To say that the use of big data has led to a more staunchly polarized country "gives some of these people a little bit too much credit for influencing what's happening in the country and not vice-versa," Tim Miller, who served as communications director for former Florida Gov. Jeb Bush's 2016 presidential campaign, told Business Insider, citing the "self-sorting" of voters in urban and more rural areas as well as in social networks that are increasingly less diverse in thought and ideology.
That's what's "driven campaigns more towards a kind of rally-the-base turnout model" in recent elections, he said.
"Has that somewhat by, you know, targeted messaging that inflames people's views on the left and the right? Sure, I think you could argue that it's been exacerbated somewhat by that," Miller said. "But it's also been by social trends."
"I do think if you look at Facebook, for example, it's really easy to target people on Facebook with niche messages that kind of inflame their prior beliefs," he continued. "And then those people share with their friends, who tend to be like-minded, because of the sorting that's happened in the country. So definitely I think they use these tools to exacerbate it, but I don't think it's the cause."
In 2008, Democrats were coming off of two consecutive electoral defeats, and the Democratic National Committee was seeking to develop new methods of targeting voters. Publicly available information quickly populated voter profiles. Voter data included points such as vote history, party registration, gender, age, location, and race.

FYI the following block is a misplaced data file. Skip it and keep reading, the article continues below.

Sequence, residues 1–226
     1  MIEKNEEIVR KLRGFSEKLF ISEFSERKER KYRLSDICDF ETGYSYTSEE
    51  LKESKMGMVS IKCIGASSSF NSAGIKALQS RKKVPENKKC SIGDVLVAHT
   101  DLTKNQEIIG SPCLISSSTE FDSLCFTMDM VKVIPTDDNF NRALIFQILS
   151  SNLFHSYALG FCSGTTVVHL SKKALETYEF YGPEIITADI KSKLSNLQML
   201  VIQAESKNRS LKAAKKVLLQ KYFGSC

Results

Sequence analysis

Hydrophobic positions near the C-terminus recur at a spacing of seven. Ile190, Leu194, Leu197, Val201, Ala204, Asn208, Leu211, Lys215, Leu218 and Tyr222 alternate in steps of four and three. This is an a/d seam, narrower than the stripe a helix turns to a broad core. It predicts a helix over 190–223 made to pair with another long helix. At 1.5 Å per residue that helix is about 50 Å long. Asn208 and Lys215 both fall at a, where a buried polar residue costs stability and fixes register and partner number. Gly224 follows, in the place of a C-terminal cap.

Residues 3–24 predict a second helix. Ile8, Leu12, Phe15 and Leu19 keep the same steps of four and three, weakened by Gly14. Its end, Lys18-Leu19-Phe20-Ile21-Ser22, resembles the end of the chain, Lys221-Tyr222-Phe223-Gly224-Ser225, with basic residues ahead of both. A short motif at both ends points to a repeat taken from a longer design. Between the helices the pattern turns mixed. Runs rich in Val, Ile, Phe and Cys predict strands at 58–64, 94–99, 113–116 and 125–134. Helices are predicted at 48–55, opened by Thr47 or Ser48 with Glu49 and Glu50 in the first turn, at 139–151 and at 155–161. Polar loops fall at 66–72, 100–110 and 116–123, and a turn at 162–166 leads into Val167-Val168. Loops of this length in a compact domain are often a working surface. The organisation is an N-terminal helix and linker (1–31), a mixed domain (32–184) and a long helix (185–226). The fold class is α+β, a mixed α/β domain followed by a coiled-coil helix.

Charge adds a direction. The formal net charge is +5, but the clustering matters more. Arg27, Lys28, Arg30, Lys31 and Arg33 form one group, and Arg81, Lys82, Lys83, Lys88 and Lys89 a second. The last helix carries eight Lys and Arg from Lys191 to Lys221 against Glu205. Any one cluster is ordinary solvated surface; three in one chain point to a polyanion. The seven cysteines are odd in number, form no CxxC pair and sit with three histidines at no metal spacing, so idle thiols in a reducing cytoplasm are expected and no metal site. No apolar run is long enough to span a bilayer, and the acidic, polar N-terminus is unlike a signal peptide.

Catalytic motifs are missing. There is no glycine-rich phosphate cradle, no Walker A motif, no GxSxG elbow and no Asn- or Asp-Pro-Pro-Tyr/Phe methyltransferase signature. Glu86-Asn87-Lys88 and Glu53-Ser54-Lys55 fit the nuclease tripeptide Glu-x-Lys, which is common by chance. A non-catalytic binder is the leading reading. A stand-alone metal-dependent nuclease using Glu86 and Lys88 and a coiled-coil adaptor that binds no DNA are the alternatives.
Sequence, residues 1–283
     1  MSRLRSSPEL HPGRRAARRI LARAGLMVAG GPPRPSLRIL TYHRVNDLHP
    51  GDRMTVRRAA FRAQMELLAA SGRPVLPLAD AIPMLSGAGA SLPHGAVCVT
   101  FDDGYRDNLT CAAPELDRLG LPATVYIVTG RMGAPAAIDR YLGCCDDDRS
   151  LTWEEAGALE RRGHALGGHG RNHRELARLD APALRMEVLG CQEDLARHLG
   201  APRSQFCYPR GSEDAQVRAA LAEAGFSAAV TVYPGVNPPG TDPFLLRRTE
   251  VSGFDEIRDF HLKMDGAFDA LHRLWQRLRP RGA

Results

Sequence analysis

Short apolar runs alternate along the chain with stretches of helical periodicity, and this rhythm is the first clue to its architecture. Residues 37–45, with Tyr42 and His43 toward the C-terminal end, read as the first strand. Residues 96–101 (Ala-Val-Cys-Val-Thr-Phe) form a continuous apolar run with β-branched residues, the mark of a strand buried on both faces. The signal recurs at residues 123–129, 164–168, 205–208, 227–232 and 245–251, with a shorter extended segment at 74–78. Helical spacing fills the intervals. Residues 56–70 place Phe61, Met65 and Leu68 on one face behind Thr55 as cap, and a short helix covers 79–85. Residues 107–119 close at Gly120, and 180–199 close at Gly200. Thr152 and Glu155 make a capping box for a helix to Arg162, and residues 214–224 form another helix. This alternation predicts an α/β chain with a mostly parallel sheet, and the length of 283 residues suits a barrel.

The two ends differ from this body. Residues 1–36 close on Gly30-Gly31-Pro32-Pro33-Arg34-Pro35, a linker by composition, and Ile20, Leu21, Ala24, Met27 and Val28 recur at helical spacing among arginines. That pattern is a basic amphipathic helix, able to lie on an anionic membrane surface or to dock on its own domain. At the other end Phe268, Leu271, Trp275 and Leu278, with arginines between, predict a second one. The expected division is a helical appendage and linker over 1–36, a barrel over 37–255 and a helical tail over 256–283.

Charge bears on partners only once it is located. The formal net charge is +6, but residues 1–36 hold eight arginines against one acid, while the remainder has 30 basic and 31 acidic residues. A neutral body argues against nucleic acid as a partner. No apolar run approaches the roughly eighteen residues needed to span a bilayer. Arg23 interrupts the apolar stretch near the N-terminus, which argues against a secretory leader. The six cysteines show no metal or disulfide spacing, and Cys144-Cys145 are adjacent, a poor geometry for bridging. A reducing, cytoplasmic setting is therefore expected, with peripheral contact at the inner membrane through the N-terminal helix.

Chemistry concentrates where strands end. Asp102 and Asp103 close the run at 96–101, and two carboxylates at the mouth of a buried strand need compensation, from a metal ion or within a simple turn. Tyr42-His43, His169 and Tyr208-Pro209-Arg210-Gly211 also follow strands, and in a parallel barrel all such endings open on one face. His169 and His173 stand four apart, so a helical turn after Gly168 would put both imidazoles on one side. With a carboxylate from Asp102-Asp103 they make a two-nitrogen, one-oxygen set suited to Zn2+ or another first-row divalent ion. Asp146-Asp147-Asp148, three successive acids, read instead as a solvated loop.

By the time President Barack Obama wrapped up back-to-back electoral victories, with the Democratic data operation given much of the credit for the successes, the GOP had started to invest more heavily in getting its own data operation up to par. The Republicans would spend roughly four years closing the gap between the parties in their respective data infrastructures.
In the final months of the presidential election last year, the Republican National Committee was proclaiming that it had figured out a new way to target on Facebook that, in its early uses, was proving to be successful. And Parscale, the head of Trump's data team, was leading an operation that was reportedly shaping an increasing amount of Trump's political and travel strategy, in addition to his fundraising.
Parscale may be called before the House Intelligence Committee soon to answer questions about whether there were any connections between the Trump campaign's digital operation and Russian officials.
After the 2016 election, Parscale and his team took plenty of credit for both Trump's improbable win, claiming to see the path to victory form ahead of time. Scott Tranter, a cofounder of the data-analytics firm Optimus, told Business Insider that the biggest misconception about the use of data in campaigns is that "it wins or loses the election."